Incidence and management of hepatic severe veno-occlusive disease in 273 patients in a single centre with defibrotide

Veno-occlusive disease (VOD)/sinusoidal obstruction syndrome (SOS) is a clinical syndrome comprising of hyperbilirubinaemia, painful enlargement of the liver, ascites and weight gain. The diagnosis of VOD/SOS is in the range of 14% (range 0–60%) depending upon the risk factors present.1 The diagnosis of VOD is based primarily on established clinical criteria (modified Seattle or Baltimore criteria).2 It is recommended that patients are assessed for risk factors for VOD before HSCT.2 The condition causes considerable morbidity and mortality, and severe VOD is associated with a mortality of over 90% by day +100 following HSCT.3, 4 The incidence of VOD is lower after autologous SCT and reduced intensity conditioning transplantation compared with myeloablative allogeneic HSCT.1, 5 A 6-month prospective European Group for Blood and Marrow Transplantation study reported an incidence of VOD post autologous and allogeneic bone marrow transplantation at 3.1 and 8.9%, respectively.4 However the incidence of non-myeloablative allogeneic transplant VOD was 8.8% in a recent study in a single centre using the reduced intensity regimen (fludarabine, BU and antithymocyte globulin).6 Defibrotide, a single-stranded polydeoxyribonucleotide has anti-thrombotic, anti-inflammatory and anti-ischaemic properties and is recommended as the definitive treatment for VOD.7, 8, 9, 10

We report a single-centre experience based on case note review from over a 45-months period (January 2011 till September 2014) (Table 1). A total of 273 allogeneic transplants were performed and VOD was diagnosed in 13. The indications for stem cell transplantation in these cases included AML (n=7), myelofibrosis (n=2), difuse large B cell lymphoma (DLBCL) (n=1), CML (n=1), myelodysplastic syndrome (MDS) (n=1) and chronic myelomonocytic leukaemia (CMML) (n=1). Ten patients were in CR at the time of transplant. Of the 13 patients diagnosed with VOD, none had prior liver disease but 2 patients had mildly raised transaminases prior to HSCT. Four patients received myeloablative conditioning with Cy-TBI (14.4 Gy), whereas nine patients had a reduced intensity transplant. Out of the reduced intensity regimes, 4 patients were conditioned with Fludarabine, Busulphan and anti-thymocyte globulin (ATG) (Busulphan dose: 3.2 mg/kg once daily, IV over 3 h on days −5 and −4 over 2 days and a further dose of 1.6 mg/kg IV on day −3, that is, 8 mg/kg in total), 3 patients were conditioned with Flamsa-Bu regimen (sequential therapy employing reduced intensity conditioning (RIC) with fludarabine 30 mg/m2, cytarabine 2 g/m2 and amsacrine 100 mg/m2 for 4 days, then rest for next 4 days, followed by busulfan 3.2 mg/kg once daily, IV on days −5 and −4, that is, 6.4 mg/kg over 2 days and cyclophosphamide 40 mg/kg for siblings and 60 mg/kg for unrelated donor transplants and using ATG 2.5 mg/kg for 2 days)11 for refractory AML and 2 patients received fludarabine, melphalan and alemtuzumab (FMC) conditioning. Twelve of 13 patients had an unrelated donor and 12 out of 13 patients had in vivo T-cell depletion with alemtuzumab (n=4) or ATG (n=8) with 1 patient having had prior allogeneic transplant.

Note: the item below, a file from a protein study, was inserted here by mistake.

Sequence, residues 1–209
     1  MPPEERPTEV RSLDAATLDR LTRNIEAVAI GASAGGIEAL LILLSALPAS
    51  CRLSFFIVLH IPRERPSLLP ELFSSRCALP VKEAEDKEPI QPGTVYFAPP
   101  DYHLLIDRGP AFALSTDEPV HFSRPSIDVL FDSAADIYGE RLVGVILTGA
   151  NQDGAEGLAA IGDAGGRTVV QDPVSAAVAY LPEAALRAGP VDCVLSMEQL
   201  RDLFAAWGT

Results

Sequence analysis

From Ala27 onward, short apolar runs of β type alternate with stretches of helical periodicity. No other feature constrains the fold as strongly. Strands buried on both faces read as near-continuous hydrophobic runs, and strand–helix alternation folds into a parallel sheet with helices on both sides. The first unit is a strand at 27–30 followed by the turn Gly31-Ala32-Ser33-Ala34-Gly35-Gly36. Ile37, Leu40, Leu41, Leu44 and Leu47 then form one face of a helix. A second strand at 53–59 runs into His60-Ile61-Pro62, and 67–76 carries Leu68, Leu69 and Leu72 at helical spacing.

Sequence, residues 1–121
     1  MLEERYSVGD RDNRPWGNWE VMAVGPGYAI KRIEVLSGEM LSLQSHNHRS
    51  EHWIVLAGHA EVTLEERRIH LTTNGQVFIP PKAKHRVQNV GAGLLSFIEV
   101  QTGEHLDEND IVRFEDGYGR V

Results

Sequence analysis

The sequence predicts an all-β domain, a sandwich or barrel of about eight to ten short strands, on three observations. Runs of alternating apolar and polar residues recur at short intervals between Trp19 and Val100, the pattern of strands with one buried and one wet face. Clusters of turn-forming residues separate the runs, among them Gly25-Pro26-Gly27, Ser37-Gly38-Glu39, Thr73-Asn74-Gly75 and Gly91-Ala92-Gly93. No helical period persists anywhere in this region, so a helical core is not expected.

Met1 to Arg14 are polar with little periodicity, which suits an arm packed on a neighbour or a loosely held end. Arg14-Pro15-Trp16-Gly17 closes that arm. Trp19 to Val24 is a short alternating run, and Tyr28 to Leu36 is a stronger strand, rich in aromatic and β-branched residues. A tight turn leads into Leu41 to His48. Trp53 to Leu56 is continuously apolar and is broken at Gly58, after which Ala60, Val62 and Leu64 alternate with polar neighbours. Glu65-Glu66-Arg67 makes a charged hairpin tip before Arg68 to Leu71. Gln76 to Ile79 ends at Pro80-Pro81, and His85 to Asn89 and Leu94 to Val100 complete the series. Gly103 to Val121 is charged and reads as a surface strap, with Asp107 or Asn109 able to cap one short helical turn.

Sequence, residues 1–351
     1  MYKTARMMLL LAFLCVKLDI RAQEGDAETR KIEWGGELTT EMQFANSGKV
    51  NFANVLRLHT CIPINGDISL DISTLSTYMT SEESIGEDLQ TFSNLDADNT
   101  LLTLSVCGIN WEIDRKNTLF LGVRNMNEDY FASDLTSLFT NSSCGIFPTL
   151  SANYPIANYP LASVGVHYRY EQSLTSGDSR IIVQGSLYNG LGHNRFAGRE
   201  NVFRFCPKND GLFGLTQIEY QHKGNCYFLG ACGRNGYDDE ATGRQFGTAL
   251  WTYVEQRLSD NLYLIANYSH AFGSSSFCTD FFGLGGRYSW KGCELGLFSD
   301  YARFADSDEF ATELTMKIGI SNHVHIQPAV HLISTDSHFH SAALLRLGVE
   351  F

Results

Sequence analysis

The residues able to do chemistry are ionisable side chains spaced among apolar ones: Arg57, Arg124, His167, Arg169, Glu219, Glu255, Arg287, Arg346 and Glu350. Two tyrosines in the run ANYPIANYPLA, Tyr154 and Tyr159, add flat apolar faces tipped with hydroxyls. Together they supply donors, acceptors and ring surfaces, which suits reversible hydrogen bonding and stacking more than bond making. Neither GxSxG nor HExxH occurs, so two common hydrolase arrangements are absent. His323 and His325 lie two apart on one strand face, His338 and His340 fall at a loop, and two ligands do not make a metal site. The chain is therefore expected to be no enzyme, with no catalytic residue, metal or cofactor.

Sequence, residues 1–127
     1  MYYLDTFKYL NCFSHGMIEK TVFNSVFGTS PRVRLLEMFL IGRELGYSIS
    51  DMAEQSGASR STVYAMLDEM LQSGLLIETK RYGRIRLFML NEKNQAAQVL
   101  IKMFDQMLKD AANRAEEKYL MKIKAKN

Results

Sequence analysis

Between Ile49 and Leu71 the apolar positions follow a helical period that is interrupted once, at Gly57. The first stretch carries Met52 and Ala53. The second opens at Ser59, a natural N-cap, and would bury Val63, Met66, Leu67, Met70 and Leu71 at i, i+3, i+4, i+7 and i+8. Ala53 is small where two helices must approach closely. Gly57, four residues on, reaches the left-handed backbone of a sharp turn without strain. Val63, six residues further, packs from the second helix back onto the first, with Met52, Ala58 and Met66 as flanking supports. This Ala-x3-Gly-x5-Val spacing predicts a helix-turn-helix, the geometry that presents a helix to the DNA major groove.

Table 1 Patient characteristics

The median age of the 13 patients with VOD was 60.5 years (range 25–70 years with 12 male and 1 female). All cases of VOD were diagnosed using the modified Seattle criteria but only 6/13 satisfied Baltimore criteria. Although 6 out of 13 patients satisfied the Baltimore criteria for diagnosing VOD, the remainder of the patients had severe disease as defined by either multiorgan failure (MOF) (including acute kidney injury and pleural effusions) or rapidly escalating bilirubin levels and marked weight gain >5%, consistent with higher risk as originally defined by the Bearman model. All the patients in our series had severe VOD and after early diagnosis, were promptly started on defibrotide therapy given the evidence that prompt intervention with defibrotide therapy is associated with better outcome.12 The mean time to develop VOD was 8.3 days post BMT (range 3–21 days). Flamsa-Bu-conditioned patients developed VOD by day 3 post BMT. All patients had a serum bilirubin >56 umol/L with a median of 105 mmol/L (56–1166). Five of the patients had moderately elevated transaminases. Acute kidney injury was classified as per the international Kidney Disease: Improving Global Outcomes (KDIGO) criteria.13 Tweleve out of 13 patients had acute kidney injury (AKI), mostly moderate to severe in nature (acute kidney injury stage 2 and stage 3) evolving into hepatorenal syndrome. This required meticulous management with fluids and diuretics to maintain adequate intravascular volume and renal perfusion. Seven out of 13 patients also had pleural effusions. All received defibrotide therapy (25 mg/kg per day) within 24 h of diagnosis of VOD and aggressive supportive management with respect to fluid balance. The median duration of defibrotide therapy was 14 days (6–21). Four patients out of 13 died before day 100. One patient died due to sepsis at day 100 and one patient died due to drug-induced liver failure at day 60, both after resolution of VOD. There was only 1 VOD-related death by day 100 and another patient died of septic shock at day 6. VOD gradually resolved after a median of 14 days in 11 out of 12 evaluable patients.